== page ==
Public confidence in higher education continues to fall
- Confidence in higher education among U.S. adults is continuing to decline, with 48% of respondents to a recent Gallup poll saying they had "a great deal" or "quite a lot" of confidence in the sector compared to 57% who said so in 2015.
- The 2018 results showed a noticeable partisan divide, which has widened since 2015. Republicans' confidence fell 17% during the three-year period while Democrats and Independents showed declines of 6% and 4%, respectively. Gallup suggested the steep decline among Republicans is related to a belief that colleges promote a liberal agenda.
- Higher education ranked fourth among 15 institutions in terms of Americans' confidence. The military (74%), small business (67%) and the police (54%) topped the list while Congress (11%) ranked last.
Another recent national survey from public radio station WGBH and Abt Associates indicated that while most adults have a favorable view of higher education, a partisan split is evident. Three-quarters (77%) of respondents said college campuses have a liberal bias, while just 15% said they lean conservative. However, about half (47%) of all respondents said such biased attitudes were a "major" problem.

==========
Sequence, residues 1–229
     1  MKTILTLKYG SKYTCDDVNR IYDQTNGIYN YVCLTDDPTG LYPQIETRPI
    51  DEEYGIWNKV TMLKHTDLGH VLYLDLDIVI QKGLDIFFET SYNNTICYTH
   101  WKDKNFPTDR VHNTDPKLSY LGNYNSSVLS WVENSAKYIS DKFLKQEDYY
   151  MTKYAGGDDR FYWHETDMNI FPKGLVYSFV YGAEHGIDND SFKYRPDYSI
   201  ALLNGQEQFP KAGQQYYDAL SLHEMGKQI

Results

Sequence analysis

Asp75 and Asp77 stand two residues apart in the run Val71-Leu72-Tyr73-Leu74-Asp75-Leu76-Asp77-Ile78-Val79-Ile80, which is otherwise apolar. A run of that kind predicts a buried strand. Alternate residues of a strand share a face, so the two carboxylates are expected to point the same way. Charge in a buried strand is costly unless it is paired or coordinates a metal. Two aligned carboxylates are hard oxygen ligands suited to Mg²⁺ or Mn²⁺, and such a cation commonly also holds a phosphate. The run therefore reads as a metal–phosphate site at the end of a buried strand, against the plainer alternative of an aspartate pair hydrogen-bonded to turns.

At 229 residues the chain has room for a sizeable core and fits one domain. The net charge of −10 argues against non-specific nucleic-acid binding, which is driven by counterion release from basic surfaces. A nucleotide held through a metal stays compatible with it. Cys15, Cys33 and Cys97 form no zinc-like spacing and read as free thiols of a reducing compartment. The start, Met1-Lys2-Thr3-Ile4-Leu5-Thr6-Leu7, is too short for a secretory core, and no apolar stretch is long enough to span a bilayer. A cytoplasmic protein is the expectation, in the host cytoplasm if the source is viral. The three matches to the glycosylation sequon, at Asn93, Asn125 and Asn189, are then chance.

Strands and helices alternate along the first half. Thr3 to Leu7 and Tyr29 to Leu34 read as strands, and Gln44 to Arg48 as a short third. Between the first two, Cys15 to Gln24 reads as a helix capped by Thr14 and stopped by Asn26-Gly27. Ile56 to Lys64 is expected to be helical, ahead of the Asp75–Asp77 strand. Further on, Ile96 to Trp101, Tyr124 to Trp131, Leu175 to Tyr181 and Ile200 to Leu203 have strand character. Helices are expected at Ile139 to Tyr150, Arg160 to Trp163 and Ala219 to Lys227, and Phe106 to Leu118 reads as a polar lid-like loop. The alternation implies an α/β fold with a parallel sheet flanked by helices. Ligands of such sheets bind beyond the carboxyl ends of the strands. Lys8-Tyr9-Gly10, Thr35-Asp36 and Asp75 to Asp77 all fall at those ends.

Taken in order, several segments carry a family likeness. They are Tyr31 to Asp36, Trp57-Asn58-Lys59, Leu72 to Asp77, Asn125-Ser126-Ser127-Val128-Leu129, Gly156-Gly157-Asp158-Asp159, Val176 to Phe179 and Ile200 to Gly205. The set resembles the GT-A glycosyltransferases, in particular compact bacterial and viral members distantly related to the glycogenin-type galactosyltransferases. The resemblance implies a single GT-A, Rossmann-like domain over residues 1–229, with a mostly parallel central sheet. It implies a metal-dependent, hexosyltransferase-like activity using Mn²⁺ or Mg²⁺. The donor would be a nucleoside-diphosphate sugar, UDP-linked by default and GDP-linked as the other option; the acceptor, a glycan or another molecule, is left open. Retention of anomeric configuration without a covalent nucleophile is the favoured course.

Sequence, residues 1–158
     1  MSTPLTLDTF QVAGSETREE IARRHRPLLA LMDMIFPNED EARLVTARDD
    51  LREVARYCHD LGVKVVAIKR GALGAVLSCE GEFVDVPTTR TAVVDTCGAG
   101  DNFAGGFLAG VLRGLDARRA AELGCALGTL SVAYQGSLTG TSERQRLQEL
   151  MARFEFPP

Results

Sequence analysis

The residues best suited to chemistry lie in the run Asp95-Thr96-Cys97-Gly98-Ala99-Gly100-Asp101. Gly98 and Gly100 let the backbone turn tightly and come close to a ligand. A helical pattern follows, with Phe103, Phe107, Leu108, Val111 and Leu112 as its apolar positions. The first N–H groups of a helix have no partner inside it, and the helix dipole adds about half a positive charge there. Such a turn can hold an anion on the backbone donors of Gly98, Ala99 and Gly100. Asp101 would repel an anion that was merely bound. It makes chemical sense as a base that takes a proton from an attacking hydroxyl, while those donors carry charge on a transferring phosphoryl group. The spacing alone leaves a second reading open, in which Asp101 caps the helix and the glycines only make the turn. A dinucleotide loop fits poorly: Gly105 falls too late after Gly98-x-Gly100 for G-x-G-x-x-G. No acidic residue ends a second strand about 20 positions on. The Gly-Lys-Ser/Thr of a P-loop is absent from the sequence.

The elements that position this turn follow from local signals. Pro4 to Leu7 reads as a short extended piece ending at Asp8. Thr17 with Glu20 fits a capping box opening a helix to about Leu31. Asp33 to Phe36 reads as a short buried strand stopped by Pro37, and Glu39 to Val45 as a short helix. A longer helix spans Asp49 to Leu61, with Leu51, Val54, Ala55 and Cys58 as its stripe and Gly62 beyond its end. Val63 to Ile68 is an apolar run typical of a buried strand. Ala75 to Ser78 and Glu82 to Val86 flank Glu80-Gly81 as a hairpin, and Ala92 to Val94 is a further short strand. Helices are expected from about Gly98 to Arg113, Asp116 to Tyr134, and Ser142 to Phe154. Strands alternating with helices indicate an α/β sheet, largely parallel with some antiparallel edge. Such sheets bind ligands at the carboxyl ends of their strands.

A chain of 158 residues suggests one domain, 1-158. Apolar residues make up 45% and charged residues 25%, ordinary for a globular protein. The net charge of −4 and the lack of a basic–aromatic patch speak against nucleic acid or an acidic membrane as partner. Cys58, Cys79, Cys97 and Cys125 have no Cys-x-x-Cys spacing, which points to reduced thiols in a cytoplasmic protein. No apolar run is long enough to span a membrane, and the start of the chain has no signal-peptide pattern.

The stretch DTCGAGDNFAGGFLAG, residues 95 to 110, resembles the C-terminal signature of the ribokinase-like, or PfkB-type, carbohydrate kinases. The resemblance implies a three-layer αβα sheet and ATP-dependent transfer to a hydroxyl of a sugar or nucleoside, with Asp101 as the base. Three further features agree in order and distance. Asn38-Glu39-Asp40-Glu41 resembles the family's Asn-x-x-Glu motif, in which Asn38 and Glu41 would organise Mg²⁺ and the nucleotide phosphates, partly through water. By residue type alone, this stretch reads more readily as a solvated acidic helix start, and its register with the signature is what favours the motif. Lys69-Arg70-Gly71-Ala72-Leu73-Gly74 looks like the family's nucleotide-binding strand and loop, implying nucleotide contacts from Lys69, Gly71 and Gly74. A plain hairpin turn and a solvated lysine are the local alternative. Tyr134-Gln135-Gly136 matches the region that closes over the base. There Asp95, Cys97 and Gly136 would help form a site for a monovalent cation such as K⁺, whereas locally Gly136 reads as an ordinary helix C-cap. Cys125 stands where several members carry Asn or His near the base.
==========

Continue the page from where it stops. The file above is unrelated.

The Pew Research Center in March released data showing that the partisan affiliation of college graduates has made a dramatic shift to the Democratic Party in the last two decades. In 1994, 39% of registered voters with a four-year degree considered themselves affiliated with or leaning toward the Democratic Party and 54% considered themselves in the Republican camp. In 2017, the numbers were reversed. The affiliation is even more pronounced in postgraduate education: 63% of postgraduate student voters in 2017 identified with the Democratic Party, up from 55% in 2015.
A ballot question this fall in Montana likely will provide insight into how voters there feel about the value of higher education. The state's unique referendum every decade ask residents whether public colleges and universities should receive support from property tax revenue, and the vote might tip against it based on Americans' changing views on higher education, according to The Hechinger Report.
College value is also having an affect on public sentiment. Research and media reports suggest that the public increasingly is questioning whether a degree is worth the price, a dynamic that college presidents expressed concern about in an Inside Higher Ed survey earlier this year.
When asked what they think is causing a decline in public support, nearly all presidents surveyed attributed it to "concerns about college affordability and student debt" (98%) and "concerns over whether higher education prepares students for careers" (95%). In addition, the perception that colleges have a liberal political bias was seen by 86% of presidents as a primary concern.